Wait. Shawn Flarida's stallion? $7 million Hall of Fame Inducted wimpy? Are we for reals saying this is the lineage of this adorable colt who keeps nosing my face. I talked with Jackie about the potential of his sale to which it sounded like either a) the owner was going to keep him herself to possibly stud out or b) Jackie would get in on a deal with him first. At any rate, I said to her then and there to consider my name in the running if they decide to sell or if she wanted to go in as co-owners with me. Of course, I figured this would never come to fruition. With his breeding there was no way I could afford to own this horse.
When Wes picked Milo, my trailer, and myself from Jackie's place I just had to show the yellow colt to him. He nodded, listening to my babble about the great breeding, blah blah. Finished with "you dont need another horse". And that was that.
Fast forward six months. I see a photo of a yellow colt on the Facebook Washington Horse Trade and Sale page. I sent his photo to Kathy, the mutual friend, and my new landlord in fact, asking "is this who I think it is?" She responded promptly with , "Yes!". Could I be seeing his asking price correctly: $2000? I refreshed my memory on his breeding and as I dove deeper and deeper into it discovered just what potential this colt had, and that siblings of only half his his breeding were going all day for $5500+.
"I have to get this colt" I texted Kathy. Would she go in on him with me? While two thousand was a steal, financially coming off a divorce was not the best time to be acquiring a new horse. Unfortunately, Kathy was not interested in buying him. "But," she said, "the owners said they would sell him to me for $1000. I might be able to get that price extended to you as well."
Wait a minute. The valued $5000 colt could be sold to me for $1000? I had to make this work.
Why was the colt so cheap? What was wrong with him? There's a lot of back story here too. So Jackie basically has gone off the deep end and has animal control on her back for primarily the condition of Kathy's previous horse, Poppy, who was found to be in emaciated condition, as were many other horses kept at her barn. Yellow colt and his Mama had left in October just as things were getting bad. Colt himself was in pretty decent condition (except for the the long toes, more on that in a moment), but add to the mess the fact that his owner didnt have much knowledge of foals (or horses for that matter) and had basically been doing nothing with him. Her cousin, actually, was trying to manage her own horses plus her cousin's four horses, yellow colt included. Simply, they just needed to reduce their board costs and as the cousin of the owner said, "he's just too nice to be sitting around."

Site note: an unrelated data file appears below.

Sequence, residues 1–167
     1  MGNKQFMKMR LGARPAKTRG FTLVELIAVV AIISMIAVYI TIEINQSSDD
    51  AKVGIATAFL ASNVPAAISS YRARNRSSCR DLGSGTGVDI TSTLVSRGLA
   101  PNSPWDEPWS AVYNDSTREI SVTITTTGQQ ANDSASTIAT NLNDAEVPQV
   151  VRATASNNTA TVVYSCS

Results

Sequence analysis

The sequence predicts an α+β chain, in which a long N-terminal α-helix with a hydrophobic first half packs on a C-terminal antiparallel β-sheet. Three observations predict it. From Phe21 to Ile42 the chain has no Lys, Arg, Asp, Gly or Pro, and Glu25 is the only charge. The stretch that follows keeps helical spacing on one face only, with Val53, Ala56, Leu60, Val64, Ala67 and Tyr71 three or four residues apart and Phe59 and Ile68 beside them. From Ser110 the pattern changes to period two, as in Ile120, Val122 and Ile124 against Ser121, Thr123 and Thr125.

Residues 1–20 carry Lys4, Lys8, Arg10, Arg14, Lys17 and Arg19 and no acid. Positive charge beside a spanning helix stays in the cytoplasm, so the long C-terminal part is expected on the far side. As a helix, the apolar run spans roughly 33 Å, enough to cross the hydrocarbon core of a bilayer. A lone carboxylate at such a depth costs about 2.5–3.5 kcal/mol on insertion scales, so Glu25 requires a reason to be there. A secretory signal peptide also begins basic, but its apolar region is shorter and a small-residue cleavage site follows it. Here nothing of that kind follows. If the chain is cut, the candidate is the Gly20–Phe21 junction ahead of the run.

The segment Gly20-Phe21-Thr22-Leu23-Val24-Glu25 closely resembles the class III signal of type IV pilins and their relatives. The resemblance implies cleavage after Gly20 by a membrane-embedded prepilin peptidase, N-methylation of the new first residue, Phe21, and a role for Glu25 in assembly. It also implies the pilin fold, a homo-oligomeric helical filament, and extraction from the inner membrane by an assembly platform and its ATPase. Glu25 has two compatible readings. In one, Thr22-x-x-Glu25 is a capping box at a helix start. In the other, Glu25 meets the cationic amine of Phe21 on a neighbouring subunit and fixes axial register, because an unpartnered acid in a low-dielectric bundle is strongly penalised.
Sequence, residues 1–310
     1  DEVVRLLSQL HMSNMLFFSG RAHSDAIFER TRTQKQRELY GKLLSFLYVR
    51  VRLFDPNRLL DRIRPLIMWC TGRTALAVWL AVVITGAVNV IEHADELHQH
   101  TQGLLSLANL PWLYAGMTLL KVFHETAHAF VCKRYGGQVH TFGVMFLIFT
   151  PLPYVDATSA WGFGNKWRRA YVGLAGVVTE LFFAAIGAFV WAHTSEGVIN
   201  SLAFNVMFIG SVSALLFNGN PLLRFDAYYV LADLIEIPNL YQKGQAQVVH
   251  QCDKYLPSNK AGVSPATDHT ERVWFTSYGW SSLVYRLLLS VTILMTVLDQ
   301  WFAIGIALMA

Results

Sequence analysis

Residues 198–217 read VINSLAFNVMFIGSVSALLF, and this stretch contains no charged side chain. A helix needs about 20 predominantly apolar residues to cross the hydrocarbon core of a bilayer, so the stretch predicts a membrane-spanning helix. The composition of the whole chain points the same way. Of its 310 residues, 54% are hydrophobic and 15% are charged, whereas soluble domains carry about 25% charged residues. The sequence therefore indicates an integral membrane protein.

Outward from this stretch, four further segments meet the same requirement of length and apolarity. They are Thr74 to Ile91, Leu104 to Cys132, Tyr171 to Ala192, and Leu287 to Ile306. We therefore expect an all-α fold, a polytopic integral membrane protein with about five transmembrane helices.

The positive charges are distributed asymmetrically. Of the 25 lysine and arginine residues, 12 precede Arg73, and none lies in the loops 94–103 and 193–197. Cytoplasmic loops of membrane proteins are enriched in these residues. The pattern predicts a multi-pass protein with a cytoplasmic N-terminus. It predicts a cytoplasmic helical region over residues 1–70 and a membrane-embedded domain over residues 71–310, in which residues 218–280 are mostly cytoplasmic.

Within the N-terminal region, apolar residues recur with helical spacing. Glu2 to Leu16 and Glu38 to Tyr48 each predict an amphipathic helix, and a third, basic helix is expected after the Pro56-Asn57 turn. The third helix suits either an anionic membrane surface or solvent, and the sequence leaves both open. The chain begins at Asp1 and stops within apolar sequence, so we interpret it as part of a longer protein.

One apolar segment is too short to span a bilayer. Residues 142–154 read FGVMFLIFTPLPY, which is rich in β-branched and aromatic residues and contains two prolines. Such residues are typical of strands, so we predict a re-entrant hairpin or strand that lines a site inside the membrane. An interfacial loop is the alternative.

Because Kathy was a part of a protest against Jackie for the condition of her old horse Poppy (to which colt's owner and cousin were involved in), their faith in Kathy's opinion of a good home (and the fact that he would be living at her place, since that is where I rent from) allowed the reduced price to be reflected towards me.
EEEPP! You mean this could actually happen? I can go get him???
Kathy, myself, and our friend Stephanie loaded up only three days later to go get the colt, on New Years Day. He amazingly loaded really well having only hauled once before with Mama, and now here we are. I'm learning more and more about little Whiz daily, like that he loves loves loves carrots, he is extremely sweet and affectionate, loves to be scratched between his "man boobs", and couldnt pick up his feet.
"I've been bribing him with carrots" owner's cousin said when we picked him up. Truly, she was leading him by dangling a carrot in front of his nose a few inches away to get him to come forward. She didnt have the time or the knowledge to teach him to pick up his hooves either, to which the poor now eight month old, had never had a trim. So, nightly with the light of a few bulbs on the outdoor round pen, I brought little Whizkey in to learn to pick up his feet so the farrier could come as soon as possible. And like a well bred and sensible sweet colt, he learned quickly, and by his first appointment won over the love of the horseshoer.
I am so excited to see where this colt is going to go.
And by the first of February, Milo will officially meet his "little brother", as they will share a shelter and pasture. :) More posts to follow.
In July things at home started going south fast, and by mid August we had signed divorce papers. I thankfully found a wonderful situation for me and the boys with a friend where i can rent and board the horses at her farm.
No worries, I still have Milo (of course). In fact, we are both doing well and added another boy to the family.
Meet Whizkey, aka Whiz. I bought him new years day. He's 8 months old with an impressive pedigree including Topsoil Whiz, Wimpys Little Step, and Nu Chex to Cash. Obviously, he is my new reining prospect. My name choices right now for registration include Nu Top Shelf Whizkey, or Whizkey Ain't Wimpy. What do you think?